Nuovomondo is a material research which explores the characteristics of the fibre extracted from the Prickly Pear and its potential applications to sustainable product design.
The fibre with its unique natural pattern and properties opens up the design of items with a paradigmatic aesthetic. Nuovomondo fosters a conception of the design practice divergent from one motivated by impact minimisation, towards the logic of bio-integrated material design.
The plant’s biological necessities and survival skills were used as inspiration for the vision of material application. The festering nature of the plant makes it a good ecological partner for sustainable material design. The objects produced demonstrate the possible applications of the fibre and have been developed to be completely organic and free of synthetic components.
The approach was undertaken with Nuovomondo, fosters ecosystemic logic of design against traditional synthetic readings of life, divergent from bio-integrated conducts, biological creativity and aesthetics. In order to empower the practice of symbiotic design, to redefine the perception of the role humans can play with our technical intelligence in the ecological economy of life.
The Prickly Pear is invasive, it doesn’t need nurturing or major sources of energy to sustain, it has innate water reserves and propagates by cutting. The material is retrieved from the green cladodes of the plant after their desiccation, the process doesn’t procure harm to the natural life cycle of the cactus, nor to the environment in which it is located. The festering nature of the plant makes it a good ecological partner for sustainable material design.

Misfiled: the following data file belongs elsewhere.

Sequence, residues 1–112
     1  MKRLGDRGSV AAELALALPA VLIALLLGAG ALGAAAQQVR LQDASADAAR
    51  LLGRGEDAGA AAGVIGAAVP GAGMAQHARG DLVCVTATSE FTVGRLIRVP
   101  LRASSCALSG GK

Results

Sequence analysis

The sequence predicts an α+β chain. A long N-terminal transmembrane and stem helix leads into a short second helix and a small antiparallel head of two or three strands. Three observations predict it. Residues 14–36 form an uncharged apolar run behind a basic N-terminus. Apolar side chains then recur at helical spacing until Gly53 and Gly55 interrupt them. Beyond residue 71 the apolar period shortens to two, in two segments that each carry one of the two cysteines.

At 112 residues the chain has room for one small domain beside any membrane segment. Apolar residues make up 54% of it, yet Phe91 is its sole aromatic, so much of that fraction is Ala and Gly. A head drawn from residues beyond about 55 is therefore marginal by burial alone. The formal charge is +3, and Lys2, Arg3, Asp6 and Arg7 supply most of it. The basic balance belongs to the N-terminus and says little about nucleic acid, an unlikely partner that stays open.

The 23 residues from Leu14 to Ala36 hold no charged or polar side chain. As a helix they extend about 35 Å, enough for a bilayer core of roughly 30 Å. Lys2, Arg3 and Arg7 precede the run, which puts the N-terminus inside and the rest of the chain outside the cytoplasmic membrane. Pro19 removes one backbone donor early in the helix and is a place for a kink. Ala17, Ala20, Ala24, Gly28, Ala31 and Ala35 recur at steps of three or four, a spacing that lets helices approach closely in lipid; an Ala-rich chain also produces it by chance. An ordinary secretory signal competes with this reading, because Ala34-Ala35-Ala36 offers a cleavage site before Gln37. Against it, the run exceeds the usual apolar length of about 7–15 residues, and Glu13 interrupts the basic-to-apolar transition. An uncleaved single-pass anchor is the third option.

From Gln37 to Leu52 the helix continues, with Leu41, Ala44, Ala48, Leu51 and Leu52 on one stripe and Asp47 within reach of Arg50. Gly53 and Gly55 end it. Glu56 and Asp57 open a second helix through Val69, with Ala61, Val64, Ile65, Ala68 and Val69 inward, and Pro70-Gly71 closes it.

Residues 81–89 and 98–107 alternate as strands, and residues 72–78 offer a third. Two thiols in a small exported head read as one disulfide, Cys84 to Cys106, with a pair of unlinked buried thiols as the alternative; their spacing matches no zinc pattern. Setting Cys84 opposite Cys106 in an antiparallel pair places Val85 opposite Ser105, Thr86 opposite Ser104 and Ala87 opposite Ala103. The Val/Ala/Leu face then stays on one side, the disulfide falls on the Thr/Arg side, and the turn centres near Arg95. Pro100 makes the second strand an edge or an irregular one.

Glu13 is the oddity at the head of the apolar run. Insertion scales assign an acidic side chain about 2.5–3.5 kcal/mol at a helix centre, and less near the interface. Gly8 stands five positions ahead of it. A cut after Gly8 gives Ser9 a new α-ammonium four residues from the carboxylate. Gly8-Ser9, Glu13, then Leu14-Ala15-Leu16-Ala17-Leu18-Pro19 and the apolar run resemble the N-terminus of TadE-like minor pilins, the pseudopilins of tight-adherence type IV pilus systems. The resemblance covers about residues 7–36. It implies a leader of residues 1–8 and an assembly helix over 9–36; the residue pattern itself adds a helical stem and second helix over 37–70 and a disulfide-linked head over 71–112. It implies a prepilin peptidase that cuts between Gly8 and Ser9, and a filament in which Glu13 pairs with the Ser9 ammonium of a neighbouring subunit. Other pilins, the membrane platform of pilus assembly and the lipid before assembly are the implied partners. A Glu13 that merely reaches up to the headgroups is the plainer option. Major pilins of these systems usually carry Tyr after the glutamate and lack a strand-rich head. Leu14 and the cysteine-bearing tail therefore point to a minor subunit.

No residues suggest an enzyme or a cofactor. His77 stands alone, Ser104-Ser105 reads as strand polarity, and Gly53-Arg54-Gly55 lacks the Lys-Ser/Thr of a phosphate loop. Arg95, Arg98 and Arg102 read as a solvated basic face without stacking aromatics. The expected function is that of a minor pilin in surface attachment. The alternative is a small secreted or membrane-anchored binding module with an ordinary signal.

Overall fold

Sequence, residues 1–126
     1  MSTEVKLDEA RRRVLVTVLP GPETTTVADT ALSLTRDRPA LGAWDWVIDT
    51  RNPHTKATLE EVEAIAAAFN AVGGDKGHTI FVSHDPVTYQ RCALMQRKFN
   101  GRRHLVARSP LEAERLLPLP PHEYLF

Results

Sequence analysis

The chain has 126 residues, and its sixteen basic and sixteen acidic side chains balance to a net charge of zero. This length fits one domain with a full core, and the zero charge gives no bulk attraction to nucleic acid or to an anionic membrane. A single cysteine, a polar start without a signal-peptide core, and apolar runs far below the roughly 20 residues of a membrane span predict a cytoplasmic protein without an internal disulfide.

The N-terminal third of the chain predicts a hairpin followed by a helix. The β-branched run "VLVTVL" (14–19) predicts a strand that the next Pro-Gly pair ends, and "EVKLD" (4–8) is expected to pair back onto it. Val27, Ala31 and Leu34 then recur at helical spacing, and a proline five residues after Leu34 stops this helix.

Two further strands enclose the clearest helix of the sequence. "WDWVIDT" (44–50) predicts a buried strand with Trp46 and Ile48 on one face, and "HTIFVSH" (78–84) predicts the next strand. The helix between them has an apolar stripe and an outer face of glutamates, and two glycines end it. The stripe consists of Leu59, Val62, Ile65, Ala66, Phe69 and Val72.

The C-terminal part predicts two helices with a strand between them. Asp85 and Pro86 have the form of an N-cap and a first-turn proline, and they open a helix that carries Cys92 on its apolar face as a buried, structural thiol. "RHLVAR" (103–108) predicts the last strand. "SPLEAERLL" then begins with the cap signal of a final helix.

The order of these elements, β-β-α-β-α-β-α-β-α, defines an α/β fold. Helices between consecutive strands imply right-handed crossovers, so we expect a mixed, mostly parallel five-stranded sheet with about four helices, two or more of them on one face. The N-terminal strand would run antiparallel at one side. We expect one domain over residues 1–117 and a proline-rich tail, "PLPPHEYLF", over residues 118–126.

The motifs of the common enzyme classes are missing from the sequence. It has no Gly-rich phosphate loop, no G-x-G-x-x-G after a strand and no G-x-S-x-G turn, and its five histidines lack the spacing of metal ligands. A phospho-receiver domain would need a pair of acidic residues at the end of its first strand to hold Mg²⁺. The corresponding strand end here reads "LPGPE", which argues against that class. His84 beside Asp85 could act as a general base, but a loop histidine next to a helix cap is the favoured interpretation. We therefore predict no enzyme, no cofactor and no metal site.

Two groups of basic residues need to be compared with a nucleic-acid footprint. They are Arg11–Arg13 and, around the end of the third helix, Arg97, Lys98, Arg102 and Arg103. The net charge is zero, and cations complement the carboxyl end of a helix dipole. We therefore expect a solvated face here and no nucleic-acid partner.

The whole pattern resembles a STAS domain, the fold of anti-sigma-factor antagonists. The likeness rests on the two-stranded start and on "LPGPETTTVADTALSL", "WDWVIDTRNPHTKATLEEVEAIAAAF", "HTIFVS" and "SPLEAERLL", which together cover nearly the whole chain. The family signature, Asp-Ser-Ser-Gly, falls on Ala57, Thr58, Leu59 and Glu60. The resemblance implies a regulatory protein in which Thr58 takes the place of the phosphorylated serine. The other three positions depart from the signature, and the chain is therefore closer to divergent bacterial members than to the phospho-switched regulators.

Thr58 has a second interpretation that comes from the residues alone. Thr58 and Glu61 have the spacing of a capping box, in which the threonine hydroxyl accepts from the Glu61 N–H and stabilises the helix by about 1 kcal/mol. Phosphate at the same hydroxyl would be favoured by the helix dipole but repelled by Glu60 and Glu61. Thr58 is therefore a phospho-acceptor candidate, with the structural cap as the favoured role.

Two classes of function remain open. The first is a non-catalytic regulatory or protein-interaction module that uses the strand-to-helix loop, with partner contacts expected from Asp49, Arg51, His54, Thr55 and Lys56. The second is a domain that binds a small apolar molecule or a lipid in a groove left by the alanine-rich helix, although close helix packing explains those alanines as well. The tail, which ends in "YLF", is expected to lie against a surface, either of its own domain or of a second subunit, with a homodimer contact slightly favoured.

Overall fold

The fibre’s physical characteristics are heterogeneous and non-uniform. Once exfoliated from its skin peel, it presents a layered structure from which it is possible to obtain an unpredictable fashion and number of fibre ‘sheets’, foils of wooden texture that constituted the flexible bone of the plant. The foils of the fibre can have different colours and consistency. The material is hydrophilic and suitable for thermoforming. The fibre can also be hydrated with oil, and treated with water-proving agents, natural or otherwise. Different processes of colouring were experimented with: vegetal dye, mineral dye, water-based impregnating agents. The fibre is able to absorb different kind of colours, but while the mineral colouring ensure an unaltered colour on the fibre, the vegetal dye changes while drying and through time, the shade of the colouring mutates.
The material research is intended to respect the ecosystem while producing design solutions, maintaining organicity in the product making stage, creating a craft that would enhance the natural aesthetics of the fibre, making a case for circular indigenous design.
Information submitted by the maker and edited by the Future Materials Bank.
Prickly pear fibre, natural oil for finishing
JCP Universe (commissioned a series of purple bowls naturally dyed)